UPDATED: Illinois Senate Debating Civil Unions
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UPDATED 12/01/10 12:59 p.m.
CHICAGO (CBS) - The Illinois Senate has begun debating a proposal to legalize civil unions for same-sex couples in Illinois.
The sponsor, State Sen. David Koehler (D-Peoria) said allowing same-sex couples to join in civil unions is a matter of fairness.
“They deserve the same rights and protections that we grant the citizens in the state of Illinois,” Koehler said. “This is a secular way of legally providing protections and benefits across the board to all of our citizens.”
State Sen. Dan Rutherford (R-Chenoa), who won the November election for Illinois State Treasurer, said he traveled all across the state during his campaign and he believes most Illinois residents support civil unions for same-sex couples.
Supporters say civil unions would grant gay couples some of the same legal rights that come with marriage. Among those are the right to visit a sick partner in the hospital, make decisions about their medical care, and inherit property when a partner dies.
“The one thing that I do know about the people of Illinois is that they want fairness. The people of Illinois, they don’t want discrimination,” Rutherford said. “One thing that I do know, it’s the right thing to do.”
But opponents in the Senate said same-sex civil unions would be a threat to traditional marriage.
“The reason marriage exists is that sexual intercourse between men and women regularly produces children,” State Sen. Chris Lauzen (R-Aurora) said. “I believe that we need to stop experimenting with traditional marriage.”
Lauzen also accused supporters of the civil union proposal of having “grossly misplaced priorities” by calling the measure for a debate when the state is facing a $13 billion deficit, high unemployment rates and mounting public pension debts.
Opponents questioned what impact that legalizing civil unions would have on the costs of providing pensions for public employees.
“We cannot take one more drop of financial strain,” State Sen. Dan Duffy (R-Lake Barrington) said. “How can I support it if we do not know how much money it will cost Illinois taxpayers or how we will pay for it?”
As CBS 2’s Kristyn Hartman reports, the House debate over the proposal was spirited, to say the least.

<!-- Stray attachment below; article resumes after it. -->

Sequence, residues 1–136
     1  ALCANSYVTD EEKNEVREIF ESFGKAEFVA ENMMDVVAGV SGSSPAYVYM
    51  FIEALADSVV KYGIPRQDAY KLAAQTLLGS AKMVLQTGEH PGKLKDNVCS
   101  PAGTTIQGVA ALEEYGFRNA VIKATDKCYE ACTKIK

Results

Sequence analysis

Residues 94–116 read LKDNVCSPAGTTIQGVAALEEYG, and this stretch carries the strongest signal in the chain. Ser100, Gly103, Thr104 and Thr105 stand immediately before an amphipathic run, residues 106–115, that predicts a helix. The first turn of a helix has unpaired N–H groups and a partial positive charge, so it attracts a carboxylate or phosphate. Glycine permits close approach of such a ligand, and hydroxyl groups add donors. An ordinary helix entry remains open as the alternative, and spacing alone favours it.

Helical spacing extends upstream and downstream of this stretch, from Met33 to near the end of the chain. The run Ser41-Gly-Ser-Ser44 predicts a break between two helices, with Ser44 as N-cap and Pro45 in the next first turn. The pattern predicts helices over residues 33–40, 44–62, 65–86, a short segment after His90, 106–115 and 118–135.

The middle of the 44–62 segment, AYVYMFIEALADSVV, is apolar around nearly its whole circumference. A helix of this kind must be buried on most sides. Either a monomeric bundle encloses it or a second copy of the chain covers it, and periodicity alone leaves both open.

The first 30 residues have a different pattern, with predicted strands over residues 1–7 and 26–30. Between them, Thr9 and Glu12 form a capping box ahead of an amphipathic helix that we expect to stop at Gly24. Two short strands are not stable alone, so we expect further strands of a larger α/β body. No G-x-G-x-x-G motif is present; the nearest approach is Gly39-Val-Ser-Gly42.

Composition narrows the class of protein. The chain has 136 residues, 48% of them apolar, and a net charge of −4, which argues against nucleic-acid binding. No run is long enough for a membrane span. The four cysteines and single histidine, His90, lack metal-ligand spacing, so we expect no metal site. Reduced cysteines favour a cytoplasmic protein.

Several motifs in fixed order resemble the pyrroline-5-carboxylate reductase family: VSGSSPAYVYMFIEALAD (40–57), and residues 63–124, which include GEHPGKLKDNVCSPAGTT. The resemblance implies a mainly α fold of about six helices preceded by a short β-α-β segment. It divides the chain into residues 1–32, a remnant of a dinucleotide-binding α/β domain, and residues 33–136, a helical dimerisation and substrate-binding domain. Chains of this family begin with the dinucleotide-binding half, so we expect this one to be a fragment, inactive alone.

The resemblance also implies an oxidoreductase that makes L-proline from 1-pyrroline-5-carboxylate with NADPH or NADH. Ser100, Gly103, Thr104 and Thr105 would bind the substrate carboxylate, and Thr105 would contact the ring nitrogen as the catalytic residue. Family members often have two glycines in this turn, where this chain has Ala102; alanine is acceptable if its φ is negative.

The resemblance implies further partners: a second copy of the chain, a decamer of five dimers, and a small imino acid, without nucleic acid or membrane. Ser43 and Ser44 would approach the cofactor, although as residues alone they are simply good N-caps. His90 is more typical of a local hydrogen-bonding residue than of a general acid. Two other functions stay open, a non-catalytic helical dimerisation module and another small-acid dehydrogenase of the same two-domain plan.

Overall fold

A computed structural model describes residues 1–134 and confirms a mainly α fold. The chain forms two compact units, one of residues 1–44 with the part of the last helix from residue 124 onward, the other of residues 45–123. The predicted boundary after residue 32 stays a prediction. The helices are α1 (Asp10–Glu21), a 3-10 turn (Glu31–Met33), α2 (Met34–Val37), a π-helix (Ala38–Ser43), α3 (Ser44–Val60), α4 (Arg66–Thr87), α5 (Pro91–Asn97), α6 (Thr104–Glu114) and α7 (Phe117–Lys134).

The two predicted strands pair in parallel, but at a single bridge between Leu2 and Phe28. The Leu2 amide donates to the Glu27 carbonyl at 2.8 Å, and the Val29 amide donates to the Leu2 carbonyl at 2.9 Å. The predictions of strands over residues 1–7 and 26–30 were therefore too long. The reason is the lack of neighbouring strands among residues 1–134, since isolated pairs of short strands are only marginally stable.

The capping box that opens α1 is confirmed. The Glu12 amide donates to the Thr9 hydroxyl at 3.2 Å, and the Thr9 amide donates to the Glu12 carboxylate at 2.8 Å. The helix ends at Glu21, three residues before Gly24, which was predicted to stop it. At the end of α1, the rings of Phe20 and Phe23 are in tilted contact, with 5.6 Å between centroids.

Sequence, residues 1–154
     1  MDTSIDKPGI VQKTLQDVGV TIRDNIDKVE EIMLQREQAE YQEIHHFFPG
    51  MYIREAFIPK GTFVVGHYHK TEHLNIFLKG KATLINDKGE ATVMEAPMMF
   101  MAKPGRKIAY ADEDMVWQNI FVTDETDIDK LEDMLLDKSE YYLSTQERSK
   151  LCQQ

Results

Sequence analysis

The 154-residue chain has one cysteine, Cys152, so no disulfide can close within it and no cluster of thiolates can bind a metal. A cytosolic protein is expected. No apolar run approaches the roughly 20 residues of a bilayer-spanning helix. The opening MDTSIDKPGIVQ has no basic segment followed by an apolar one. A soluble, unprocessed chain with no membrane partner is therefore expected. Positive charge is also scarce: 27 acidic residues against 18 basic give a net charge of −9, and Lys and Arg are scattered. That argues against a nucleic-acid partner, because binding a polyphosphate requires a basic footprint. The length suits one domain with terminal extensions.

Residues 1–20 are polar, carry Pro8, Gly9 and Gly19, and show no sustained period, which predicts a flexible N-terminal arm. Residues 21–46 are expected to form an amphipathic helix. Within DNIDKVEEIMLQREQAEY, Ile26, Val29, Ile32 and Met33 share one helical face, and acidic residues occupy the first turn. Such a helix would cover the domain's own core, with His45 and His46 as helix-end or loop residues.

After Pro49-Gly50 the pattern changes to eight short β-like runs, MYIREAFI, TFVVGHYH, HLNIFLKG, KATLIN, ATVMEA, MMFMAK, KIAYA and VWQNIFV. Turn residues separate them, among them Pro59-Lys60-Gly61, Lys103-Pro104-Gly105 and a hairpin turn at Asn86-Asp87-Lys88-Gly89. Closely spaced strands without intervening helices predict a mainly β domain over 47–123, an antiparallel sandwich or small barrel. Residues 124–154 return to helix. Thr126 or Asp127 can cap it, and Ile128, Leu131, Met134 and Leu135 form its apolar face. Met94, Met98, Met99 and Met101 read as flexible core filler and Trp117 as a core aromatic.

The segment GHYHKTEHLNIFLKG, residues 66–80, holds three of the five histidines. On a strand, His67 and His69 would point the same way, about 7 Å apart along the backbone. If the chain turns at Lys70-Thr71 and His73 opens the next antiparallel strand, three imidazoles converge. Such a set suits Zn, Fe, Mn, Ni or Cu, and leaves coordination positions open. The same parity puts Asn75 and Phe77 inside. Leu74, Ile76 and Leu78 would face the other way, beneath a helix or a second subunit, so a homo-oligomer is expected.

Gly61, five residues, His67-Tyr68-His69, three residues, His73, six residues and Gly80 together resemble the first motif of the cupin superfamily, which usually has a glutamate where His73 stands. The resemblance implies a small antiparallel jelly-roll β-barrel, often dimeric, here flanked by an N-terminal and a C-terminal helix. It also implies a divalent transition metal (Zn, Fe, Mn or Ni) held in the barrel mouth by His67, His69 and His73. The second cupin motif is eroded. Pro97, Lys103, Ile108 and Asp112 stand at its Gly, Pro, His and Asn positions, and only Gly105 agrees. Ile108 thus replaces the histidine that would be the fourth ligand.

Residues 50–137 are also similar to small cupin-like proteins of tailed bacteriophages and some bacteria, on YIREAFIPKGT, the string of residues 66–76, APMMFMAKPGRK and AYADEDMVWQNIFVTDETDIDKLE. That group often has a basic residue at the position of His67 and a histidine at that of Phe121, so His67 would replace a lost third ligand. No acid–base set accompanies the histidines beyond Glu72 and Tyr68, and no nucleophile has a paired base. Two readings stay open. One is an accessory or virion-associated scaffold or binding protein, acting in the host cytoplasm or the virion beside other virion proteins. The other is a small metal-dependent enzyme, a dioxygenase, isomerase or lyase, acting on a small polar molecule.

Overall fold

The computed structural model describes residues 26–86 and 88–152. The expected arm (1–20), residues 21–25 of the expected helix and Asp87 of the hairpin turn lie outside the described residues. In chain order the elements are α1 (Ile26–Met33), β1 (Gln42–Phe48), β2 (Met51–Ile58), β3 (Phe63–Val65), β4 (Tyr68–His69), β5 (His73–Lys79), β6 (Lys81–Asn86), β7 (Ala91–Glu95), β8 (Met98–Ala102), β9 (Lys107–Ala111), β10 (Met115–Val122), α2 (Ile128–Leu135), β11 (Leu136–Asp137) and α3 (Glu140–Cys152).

Under the law, Illinois law would continue to reserve the word “marriage” for unions between a man and woman. And federal law wouldn’t recognize the civil unions, meaning gay Illinois couples couldn’t file joint tax returns.
Backers consider it a matter of fundamental fairness.
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Ira Dym and Ryan Endress have been together for six years, and have a commitment rings to show for it. When asked if civil unions are the same as marriage, Dym essentially said yes – from a legal standpoint.
“Everyone should have civil unions, and that’s pretty much what it is from the perspective of the legal rights that two people who are in love and are committed to each other have from the state,” Dym said. “Marriage becomes a religious; it is really a religious piece.”
Dym and Endress said they could move to state that allows civil unions or marriage, but this is home, and where their families are.
So they closely followed the vote in the state House Tuesday.
Dym and Endress talked about some of the rights that married couples take for granted, which they do not have right now.
“I have to worry that if I get ill and I need to go the hospital, that Ryan doesn’t have, necessarily, even access to me,” Dym said. “That’s a concern of mine.”
In debating the bill Tuesday, openly gay state Rep. Greg Harris (D-Chicago), the sponsor of the bill, said a late member of the chamber ran into that very roadblock.
State Rep. Larry McKeon (D-Chicago), who was the House’s first openly gay member, was not allowed to be at the bedside of his dying partner in a hospital because he had no legalized documentation of their relationship.
“The hospital turned Larry away,” Harris said, quoted in published reports.
Quoted by Gay Chicago Magazine, Harris called the civil unions bill an opportunity to “correct injustice and move us down the path to liberty.” He compared it to the battles to give women the right to vote and eliminate laws that banned interracial marriage, the magazine reported.
Upon passage, mayoral candidate Rahm Emanuel issued a statement of support.
“This evening Illinois took a step forward on the path to equal rights for our LGBT neighbors,” Emanuel said in the statement Tuesday. “Promoting equality for gay and lesbian Illinoisans is nothing more than a question of basic fairness – history will leave no shred of doubt that this is the right thing to do. The Senate should now act quickly to advance this legislation in order to get it to the Governor’s desk without delay. I will continue to contact legislators and push for swift passage of the bill.”
Mayoral candidate Carol Moseley Braun has also come out in support of the bill, and candidate Gery Chico helped contact legislators over the weekend for their support.
But opponents say civil unions are a threat to traditional marriage.
“Our intention is to contact members of the Senate and express our opposition to this bill,” said Bob Gilligan of the Catholic Conference of Illinois. “We think this equates civil unions with traditional marriage.”
The state Senate must vote on the bill. Earlier Tuesday, a separate bill for civil unions passed out of a Senate committee 6-2 after being tacked onto an unrelated bill, Gay Chicago Magazine reported.
Gov. Pat Quinn has come out in support of civil unions.
CBS 2’s Kristyn Hartman contributed to this report.
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